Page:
Kaljulaid: Estonia has made up for 25 years of lost economic ground by now ({{contentCtrl.commentsTotal}})

President Kersti Kaljulaid with Lithuanian President Gitanas Nausėda at the Day of Restoration of Independence reception at Kadriorg Palace's Rose Garden. Aug. 20, 2019.
President Kersti Kaljulaid with Lithuanian President Gitanas Nausėda at the Day of Restoration of Independence reception at Kadriorg Palace's Rose Garden. Aug. 20, 2019. Source: Aurelia Minev/ERR

Speaking live to ERR from the Rose Garden at Kadriorg Palace on Tuesday night, President Kersti Kaljulaid said that within the next 28 years, Estonia will have made up for the economic damages caused by the Soviet occupation.

28 years after Estonia regained its independence, broadcast host Karmel Killandi asked Kaljulaid what Estonia would be like another 28 years from now.

"I believe that 28 years from now, Estonia will have definitely surpassed the economic underdevelopment caused by the occupation," she replied, noting that the country is currently only halfway there. "We're at the point where Finland was in 1995, which means that we've made up for about 25 years of this loss. So I believe that by that time we will have made it in that regard."

According to the Estonian head of state, the people of Estonia will also have learned as a society by then to be caring of everyone who needs their help.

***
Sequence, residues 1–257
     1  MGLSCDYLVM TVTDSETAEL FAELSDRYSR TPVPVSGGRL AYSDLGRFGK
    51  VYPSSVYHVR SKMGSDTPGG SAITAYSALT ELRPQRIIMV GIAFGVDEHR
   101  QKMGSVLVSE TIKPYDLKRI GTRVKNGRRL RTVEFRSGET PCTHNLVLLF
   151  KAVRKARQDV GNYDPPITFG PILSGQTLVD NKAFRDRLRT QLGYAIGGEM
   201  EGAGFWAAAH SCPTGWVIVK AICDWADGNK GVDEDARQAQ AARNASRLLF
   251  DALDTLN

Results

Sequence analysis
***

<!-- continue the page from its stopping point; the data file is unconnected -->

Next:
"Because a welfare state doesn't mean a lot of money; rather, it means that everyone is happy here, and that they feel supported," she explained. "That our society has less evil and violence, that people with disabilities and their loved ones don't have to worry about their services, that the elderly don't have to worry about whether their lives will end up sad or beautiful. We will be more capable of all of this then than we are today."

Kaljulaid also added she was very glad that Lithuanian President Gitanas Nausėda was able to join her in celebrations on Aug. 20.

"There were clearly more Lithuanian signatories on the [1979] Baltic Appeal, and we know that Lithuania also suffered losses," she acknowledged. "So I believe that it was very important that for once in history, Lithuanians were able to speak at our Aug. 20 celebration."

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Editor: Aili Vahtla

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